The Public Interest

The trouble with higher education

John William Ward

Summer 1966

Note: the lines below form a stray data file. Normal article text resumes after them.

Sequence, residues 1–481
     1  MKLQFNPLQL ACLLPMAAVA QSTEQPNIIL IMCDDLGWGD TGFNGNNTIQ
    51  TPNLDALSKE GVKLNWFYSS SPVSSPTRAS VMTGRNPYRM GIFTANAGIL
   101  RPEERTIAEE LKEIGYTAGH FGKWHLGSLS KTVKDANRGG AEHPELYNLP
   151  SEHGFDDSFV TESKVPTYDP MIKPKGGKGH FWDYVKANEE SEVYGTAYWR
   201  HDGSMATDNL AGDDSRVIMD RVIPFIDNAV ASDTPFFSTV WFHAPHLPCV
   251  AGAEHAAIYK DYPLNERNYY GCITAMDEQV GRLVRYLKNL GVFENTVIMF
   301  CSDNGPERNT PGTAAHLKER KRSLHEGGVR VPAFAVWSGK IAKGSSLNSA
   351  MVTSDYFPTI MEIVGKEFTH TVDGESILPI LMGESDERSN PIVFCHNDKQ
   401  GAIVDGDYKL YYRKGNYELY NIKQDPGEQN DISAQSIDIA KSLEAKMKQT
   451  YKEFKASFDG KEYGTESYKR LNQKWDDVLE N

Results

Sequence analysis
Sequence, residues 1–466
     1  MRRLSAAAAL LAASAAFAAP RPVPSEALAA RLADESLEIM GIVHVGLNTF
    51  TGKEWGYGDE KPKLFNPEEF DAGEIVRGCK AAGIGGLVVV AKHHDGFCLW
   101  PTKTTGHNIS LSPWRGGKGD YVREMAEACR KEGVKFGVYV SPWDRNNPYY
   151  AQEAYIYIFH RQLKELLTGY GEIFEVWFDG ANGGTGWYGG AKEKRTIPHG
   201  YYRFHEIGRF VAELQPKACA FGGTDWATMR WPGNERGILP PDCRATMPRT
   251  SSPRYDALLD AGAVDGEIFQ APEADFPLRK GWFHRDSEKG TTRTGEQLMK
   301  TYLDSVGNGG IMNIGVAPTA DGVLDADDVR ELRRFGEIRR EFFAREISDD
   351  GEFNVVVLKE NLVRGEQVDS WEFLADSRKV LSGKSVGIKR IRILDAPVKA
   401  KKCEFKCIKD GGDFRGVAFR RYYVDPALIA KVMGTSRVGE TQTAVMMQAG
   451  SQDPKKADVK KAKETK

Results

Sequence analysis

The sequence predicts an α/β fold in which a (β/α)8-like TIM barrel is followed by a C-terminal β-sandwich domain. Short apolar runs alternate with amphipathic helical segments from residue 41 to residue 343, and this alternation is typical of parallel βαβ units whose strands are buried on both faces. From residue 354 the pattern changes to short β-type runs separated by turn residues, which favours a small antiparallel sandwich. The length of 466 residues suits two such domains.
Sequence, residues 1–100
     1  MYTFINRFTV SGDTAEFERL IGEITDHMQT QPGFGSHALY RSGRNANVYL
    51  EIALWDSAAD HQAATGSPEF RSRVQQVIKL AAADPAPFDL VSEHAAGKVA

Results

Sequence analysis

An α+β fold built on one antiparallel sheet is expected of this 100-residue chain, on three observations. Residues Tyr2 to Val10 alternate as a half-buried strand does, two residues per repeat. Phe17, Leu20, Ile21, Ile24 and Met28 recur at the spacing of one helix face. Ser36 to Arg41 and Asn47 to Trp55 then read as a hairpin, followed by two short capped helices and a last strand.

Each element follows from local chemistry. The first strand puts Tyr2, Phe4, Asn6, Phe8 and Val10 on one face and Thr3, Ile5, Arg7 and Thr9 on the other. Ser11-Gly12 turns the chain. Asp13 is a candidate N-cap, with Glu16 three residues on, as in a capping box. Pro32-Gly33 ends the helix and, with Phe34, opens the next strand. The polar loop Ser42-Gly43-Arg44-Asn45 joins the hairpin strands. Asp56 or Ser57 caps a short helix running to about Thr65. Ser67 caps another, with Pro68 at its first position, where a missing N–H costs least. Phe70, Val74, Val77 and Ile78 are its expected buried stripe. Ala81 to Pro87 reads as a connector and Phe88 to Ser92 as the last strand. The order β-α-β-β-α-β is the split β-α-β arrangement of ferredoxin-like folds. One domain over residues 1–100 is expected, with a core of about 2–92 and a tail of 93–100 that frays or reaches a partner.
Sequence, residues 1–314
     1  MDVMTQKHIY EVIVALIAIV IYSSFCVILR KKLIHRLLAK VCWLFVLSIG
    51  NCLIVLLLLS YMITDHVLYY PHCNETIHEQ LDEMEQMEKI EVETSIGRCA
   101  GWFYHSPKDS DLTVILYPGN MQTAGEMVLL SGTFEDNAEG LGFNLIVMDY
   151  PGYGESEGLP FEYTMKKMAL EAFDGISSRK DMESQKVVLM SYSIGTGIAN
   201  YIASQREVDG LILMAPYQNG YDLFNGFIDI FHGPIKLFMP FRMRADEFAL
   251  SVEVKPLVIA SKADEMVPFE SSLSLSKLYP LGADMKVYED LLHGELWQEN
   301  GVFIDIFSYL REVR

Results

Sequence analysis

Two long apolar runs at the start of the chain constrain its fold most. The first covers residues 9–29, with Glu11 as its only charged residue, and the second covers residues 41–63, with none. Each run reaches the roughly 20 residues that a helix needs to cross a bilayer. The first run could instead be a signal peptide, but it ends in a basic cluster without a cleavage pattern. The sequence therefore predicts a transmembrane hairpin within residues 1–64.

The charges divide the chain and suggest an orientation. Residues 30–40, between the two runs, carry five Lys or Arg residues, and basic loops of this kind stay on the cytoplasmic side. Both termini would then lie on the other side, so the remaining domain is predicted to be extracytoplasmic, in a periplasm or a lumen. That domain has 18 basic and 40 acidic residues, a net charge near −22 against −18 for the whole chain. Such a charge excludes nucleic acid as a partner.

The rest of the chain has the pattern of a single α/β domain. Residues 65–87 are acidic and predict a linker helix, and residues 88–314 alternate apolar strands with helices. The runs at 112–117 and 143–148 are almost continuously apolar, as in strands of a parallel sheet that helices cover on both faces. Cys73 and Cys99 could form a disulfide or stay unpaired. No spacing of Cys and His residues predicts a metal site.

Berkeley is now a symbol in the full sense of the word, that is, an image which condenses a complex range of ideas and emotions and presents it for our contemplation. Berkeley is a symbol of the necessities and the possibilities which confront higher education in the United States today. In this sense, Berkeley is now a convenient shorthand name for the internal structural strains and the external social demands which trouble every university and college in the country. If it were not, if the explosion of student unrest and the painful grinding to a halt of one of the world’s great universities were purely local phenomena, Berkeley would soon have passed from the front pages of the national press and soon been forgotten. But the torrent of books and articles about the meaning of what happened at Berkeley poured forth because Berkeley dramatized a national and not a local problem. Higher education in the United States is today– always granting the fond hope that war will not obliterate all other social matters and make them inconsequential– the most important institution in American society as we enter the second half of the twentieth century. The claim is large but not extravagant. And Berkeley symbolizes the crucial fact that higher education is in trouble.

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